2 Kansas City Chiefs
It’s Patrick Mahomes’ world and we are all just living in it. The reigning Super Bowl MVP (and 2018 league MVP) is clearly the best player in the NFL and the driving force on this unstoppable offense. He just inked a deal for half a billion dollars — and he’s worth every penny. Still just 24 years old, Mahomes has plenty of room to grow, which is a terrifying thought for the rest of the NFL. Can you imagine how dominant this guy will be when his experience catches up with his transcendent skill set?
Of course, it doesn’t hurt Mahomes’ cause that Kansas City has assembled a pass-catching track team that’s dangerous and diverse. Tyreek Hill is the biggest home-run hitter in the game today. His unparalleled speed keeps defensive coordinators up at night. Sammy Watkins is a threat to take over any game he plays in. The former No. 4 overall pick opened last season with a 198-yard, three-touchdown master class and closed it with a prolific playoff run. Mecole Hardman flies and scores (six touchdowns on 26 catches as a rookie), while Demarcus Robinson had a 172-yard game last season. Oh, yeah — and how about Travis Kelce? You know, the best tight end this side of George Kittle? And I cannot wait to see first-round pick Clyde Edwards-Helaire in this offense. He’s an ideal modern running back as a playmaker in the ground game and aerial attack.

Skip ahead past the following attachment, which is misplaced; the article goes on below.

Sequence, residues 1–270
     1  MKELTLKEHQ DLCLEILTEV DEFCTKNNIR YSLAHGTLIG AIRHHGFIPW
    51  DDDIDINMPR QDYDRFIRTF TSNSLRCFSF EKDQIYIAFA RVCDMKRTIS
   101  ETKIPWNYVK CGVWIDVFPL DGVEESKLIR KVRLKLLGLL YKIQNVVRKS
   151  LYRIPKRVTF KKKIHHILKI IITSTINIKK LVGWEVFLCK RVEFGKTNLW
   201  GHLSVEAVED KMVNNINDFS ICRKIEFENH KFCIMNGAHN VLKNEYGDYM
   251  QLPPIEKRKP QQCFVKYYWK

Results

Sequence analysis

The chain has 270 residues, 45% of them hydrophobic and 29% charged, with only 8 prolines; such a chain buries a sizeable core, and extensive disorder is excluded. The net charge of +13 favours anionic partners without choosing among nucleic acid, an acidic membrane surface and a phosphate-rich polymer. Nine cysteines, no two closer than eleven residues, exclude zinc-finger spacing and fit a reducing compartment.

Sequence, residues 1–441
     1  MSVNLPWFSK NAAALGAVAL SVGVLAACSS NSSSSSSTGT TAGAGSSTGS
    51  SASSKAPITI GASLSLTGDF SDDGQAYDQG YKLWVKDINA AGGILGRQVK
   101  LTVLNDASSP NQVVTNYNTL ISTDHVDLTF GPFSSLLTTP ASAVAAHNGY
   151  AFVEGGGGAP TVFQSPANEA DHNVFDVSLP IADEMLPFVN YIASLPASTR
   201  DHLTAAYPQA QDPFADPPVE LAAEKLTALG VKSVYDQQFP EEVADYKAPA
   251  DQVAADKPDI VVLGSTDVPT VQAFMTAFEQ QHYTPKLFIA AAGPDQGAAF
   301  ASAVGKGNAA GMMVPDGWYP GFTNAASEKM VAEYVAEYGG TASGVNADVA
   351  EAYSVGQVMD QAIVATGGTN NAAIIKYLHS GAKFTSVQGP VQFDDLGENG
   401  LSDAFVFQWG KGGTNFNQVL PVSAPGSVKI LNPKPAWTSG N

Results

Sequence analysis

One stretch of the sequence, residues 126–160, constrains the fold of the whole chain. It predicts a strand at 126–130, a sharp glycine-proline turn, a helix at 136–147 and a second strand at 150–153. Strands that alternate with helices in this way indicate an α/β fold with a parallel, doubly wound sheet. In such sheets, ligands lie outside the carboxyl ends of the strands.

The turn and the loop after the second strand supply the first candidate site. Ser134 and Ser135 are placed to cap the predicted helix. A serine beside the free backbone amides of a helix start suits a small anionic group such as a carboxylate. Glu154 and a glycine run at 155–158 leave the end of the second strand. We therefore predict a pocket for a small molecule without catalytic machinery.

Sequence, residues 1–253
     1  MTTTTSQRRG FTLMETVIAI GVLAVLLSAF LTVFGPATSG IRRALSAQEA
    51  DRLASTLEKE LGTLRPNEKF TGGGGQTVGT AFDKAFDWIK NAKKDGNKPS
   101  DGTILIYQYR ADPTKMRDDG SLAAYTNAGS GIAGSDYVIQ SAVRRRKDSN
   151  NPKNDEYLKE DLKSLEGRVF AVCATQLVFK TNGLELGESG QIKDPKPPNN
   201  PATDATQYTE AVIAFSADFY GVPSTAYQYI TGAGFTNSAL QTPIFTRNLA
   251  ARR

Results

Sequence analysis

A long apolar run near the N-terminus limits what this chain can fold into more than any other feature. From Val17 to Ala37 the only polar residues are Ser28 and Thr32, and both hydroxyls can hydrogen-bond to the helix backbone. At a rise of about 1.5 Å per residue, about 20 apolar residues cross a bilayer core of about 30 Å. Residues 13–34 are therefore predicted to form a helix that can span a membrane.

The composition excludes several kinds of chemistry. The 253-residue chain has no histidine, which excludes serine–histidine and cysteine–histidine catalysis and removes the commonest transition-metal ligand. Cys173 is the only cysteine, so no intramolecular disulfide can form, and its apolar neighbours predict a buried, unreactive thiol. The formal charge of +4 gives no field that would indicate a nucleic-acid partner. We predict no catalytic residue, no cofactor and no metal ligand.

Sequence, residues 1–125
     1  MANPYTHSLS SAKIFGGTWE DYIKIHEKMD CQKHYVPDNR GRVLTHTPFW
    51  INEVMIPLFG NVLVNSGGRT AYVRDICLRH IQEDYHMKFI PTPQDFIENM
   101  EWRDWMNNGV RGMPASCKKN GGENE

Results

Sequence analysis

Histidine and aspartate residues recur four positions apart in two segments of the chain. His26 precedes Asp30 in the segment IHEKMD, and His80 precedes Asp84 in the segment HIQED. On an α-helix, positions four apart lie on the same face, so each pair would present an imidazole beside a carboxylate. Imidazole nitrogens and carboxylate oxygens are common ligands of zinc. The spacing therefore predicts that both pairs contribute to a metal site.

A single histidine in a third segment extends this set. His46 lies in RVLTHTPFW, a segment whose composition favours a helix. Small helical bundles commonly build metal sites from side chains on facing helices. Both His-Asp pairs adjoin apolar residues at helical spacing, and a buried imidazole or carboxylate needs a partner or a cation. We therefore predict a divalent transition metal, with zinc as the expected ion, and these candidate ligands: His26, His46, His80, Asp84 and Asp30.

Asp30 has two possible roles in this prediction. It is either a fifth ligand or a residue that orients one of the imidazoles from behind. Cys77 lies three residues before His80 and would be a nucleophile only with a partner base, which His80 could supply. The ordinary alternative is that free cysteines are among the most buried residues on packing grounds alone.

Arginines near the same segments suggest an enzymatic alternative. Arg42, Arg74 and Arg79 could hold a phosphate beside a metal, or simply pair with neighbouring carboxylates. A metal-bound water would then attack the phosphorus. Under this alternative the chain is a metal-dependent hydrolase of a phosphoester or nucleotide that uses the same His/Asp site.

And who’s in charge of this spicy collection of supreme talent? Ingenious offensive guru (and future Hall of Famer) Andy Reid. Start warming up those fingers, scoreboard operators.
Kansas City Chiefs
The Super Bowl champs don’t need any help, but canceling those games against the NFC South sure would be nice. They are set to face that division all in the second half of the season. Including road games at the two Super Bowl contenders from that division New Orleans and Tampa Bay. They are already set to finish with consecutive home games and lessening that December load just a little would go even further to buoy their repeat chances.
3 Kansas City Chiefs
Offense: QB Patrick Mahomes · Defense: S Tyrann Mathieu
What Mahomes has done the past two seasons — winning the NFL MVP award in his first season as a starter and being named MVP of Super Bowl LIV in his second, then securing the largest contract of any athlete in U.S. sports history — speaks for itself. Mathieu, meanwhile, proved himself to be the missing ingredient in the Chiefs’ championship-winning mix. The veteran safety logged four picks, 12 passes defensed, two sacks and 75 tackles in his first year in Kansas City, earning first-team All-Pro honors and helping a pass defense that ranked 31st in 2018 jump into the top 10 in 2019.